The child we saw, especially as a young boy and teen, was eager for physical challenges, whether learning to walk early, loving to climb anything he could, playing soccer, throwing the discus and javelin in track, earning his black belt in judo, SCUBA diving, fighting in the SCA, and even joining the infantry. How hard it must have been for him to accept the physical limitations of the asthma he developed.

The child I remember was a curious and questing one with a big imagination. He loved science fiction, the stars, fast vehicles.

He was eager to learn, frustrated with the lack of challenge in school, had little use for academics.

This picture of him such an icon of him at that age. Look at the determined look on his little face, the stance of his baby legs, the skinned knee. He seems focused, knows where he's going. How I wish he had found a focus for his life as a young man!

He was a "I can do it myself" child, not wanting assistance with much of anything, and resisting it even when it was needed.

Like Peter W. says, you look at this picture and he looks so huggable, so precious. I miss that little boy, and I miss the man he became.

This photo was taken at Mint Spring Valley Park in Albemarle County, Virginia in August 1976. Leif was a year-and-a-half old.

Sunday, September 11, 2011

This photo of Leif was taken at Avebury Circle in England in June 1980 near sundown. He was five-and-a-half years old.

"The Moving Finger writes; and, having writ, Moves on: nor all thy Piety nor Wit Shall lure it back to cancel half a Line, 
Nor all thy Tears wash out a Word of it.
 — Omar Khayyám

And yet, our tears come despite their futility. Our love endures despite it's powerlessness to bring back the times and loved ones we miss. Our memories flood back though they will not convey one embrace to the past. We cannot forget, though we must go on.

Thursday, September 8, 2011

The Importance of Light and Sunshine

I was working out in the yard today. I'm not an eager gardener. I don't look forward to rushing out into the heat and humidity to prune shrubs, weed, or spray. But oddly enough, once I'm out there, I always enjoy it. If it's not the work I really like, though I do take satisfaction in it when I'm doing it, why do I enjoy being there with sweat running down my face and back?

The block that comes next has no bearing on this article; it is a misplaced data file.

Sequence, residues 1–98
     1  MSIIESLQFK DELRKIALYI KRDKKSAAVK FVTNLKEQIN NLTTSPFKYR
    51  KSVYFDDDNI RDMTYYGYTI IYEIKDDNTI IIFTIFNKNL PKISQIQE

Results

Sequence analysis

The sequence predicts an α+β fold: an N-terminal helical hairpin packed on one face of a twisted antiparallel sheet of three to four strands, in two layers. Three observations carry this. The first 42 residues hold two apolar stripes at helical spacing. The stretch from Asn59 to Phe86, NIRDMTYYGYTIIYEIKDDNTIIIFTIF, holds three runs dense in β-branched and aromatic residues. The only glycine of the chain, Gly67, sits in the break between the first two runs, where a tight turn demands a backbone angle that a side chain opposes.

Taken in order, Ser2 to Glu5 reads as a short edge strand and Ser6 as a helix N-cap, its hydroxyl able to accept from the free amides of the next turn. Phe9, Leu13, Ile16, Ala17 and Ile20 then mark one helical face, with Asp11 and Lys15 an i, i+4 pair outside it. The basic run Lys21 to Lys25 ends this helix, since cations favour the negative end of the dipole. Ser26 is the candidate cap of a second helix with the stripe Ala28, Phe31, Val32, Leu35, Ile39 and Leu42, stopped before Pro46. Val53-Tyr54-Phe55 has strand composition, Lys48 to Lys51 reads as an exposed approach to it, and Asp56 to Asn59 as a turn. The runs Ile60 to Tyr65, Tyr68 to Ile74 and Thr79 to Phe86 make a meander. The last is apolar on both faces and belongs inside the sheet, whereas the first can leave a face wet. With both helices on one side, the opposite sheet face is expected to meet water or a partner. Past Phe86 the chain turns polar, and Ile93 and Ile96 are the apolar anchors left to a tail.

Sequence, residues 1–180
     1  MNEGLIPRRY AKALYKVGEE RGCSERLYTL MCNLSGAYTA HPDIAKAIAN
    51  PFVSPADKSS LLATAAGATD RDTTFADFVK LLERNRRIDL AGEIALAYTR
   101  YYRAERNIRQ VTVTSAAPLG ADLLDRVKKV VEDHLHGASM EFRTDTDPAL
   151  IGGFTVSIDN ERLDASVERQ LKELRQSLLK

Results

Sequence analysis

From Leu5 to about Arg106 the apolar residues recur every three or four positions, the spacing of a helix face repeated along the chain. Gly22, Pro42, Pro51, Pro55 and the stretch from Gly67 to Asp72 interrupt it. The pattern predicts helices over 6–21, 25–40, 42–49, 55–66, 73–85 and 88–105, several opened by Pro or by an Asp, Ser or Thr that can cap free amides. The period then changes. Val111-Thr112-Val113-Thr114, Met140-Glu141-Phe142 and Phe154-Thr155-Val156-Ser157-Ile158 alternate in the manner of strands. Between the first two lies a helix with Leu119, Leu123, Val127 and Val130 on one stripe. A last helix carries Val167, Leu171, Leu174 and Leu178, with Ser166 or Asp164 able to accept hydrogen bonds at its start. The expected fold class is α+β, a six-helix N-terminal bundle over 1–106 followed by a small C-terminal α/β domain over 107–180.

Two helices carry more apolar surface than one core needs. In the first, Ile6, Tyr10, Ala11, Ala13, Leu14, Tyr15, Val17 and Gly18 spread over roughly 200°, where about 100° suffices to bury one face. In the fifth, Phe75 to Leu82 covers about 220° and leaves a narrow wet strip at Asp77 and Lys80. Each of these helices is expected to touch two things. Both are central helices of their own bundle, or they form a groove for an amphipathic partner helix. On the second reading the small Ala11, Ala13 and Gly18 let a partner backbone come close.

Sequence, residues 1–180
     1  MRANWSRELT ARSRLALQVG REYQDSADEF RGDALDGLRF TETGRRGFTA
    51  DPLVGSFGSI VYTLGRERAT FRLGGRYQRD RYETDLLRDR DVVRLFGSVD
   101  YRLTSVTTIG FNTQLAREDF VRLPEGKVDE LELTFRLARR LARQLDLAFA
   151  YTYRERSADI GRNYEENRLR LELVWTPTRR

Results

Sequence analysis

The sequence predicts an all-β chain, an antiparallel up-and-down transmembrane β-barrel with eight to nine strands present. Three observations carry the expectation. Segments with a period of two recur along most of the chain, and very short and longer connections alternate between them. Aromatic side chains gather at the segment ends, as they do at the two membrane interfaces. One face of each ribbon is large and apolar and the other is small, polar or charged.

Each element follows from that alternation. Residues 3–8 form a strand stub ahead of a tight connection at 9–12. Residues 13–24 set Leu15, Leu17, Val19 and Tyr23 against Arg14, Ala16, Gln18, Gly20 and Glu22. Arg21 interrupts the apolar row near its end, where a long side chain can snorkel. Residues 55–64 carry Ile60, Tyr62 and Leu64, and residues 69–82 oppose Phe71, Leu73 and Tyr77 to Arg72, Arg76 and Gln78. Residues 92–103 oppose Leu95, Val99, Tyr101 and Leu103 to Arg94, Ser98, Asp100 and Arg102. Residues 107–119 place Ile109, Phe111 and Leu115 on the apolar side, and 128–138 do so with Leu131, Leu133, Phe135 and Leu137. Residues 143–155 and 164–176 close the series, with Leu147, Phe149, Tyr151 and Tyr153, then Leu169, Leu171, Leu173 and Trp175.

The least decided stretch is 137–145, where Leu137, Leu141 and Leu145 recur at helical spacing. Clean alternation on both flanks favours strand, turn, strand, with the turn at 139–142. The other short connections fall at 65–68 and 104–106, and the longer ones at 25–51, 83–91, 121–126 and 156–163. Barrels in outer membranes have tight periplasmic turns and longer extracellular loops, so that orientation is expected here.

There is one word for it: light.

Human beings evolved in the light, in sunlight. Sunlight is critical to life on earth, not just because it heats the planet, but because our bodies respond to light. Without light, we cannot see. Light, full spectrum sunlight, affects mood and health, creates vitamin D, and probably increases endorphins or something akin to that.

It's for the same reason that I prefer to swim in the outdoor pool instead of the indoor one. It's the same reason I enjoy going for a walk in a state park, though of course I enjoy the scenery and wildlife, too. It's the same reason that we enjoy riding our bicycles through the neighborhoods more than pedaling on a stationary bike at the fitness center while watching television.

There is something elemental and indispensable about our exposure to sunlight. Without it, we become depressed. Without a window to look out of, an office becomes oppressive. In the winter, many of us experience SAD, Seasonal Affective Disorder, from the lower exposure to sunlight.

I was thinking about Leif, and how sunlight deprived he was. He worked a job with hours from 2:00 or 3:00 p.m. until 11:00 p.m. He worked in a cubicle with nothing to look at but a computer screen, virtually tied to a chair since he had to be on a headset. There was no window to look out of, no sunshine to brighten the day.

He got home around midnight and then he would stay up late online, playing computer games, watching movies. Between his late night hours and his insomnia, he would go to bed very late and get up late. Unless he had some errand he had to do earlier, something that couldn't wait until one of his days off, he didn't see daylight except for the narrow slit of time between when he got up and when he got to work.

As a boy and youth, he had always loved going out in the woods on hikes, going to the seashore, riding a bike, and later a motorcycle, and in high school, skateboarding and in-line skating. He played soccer. He was forced by school, work and his parents to get up in the morning and go to bed at night. He had exposure to that all-important light.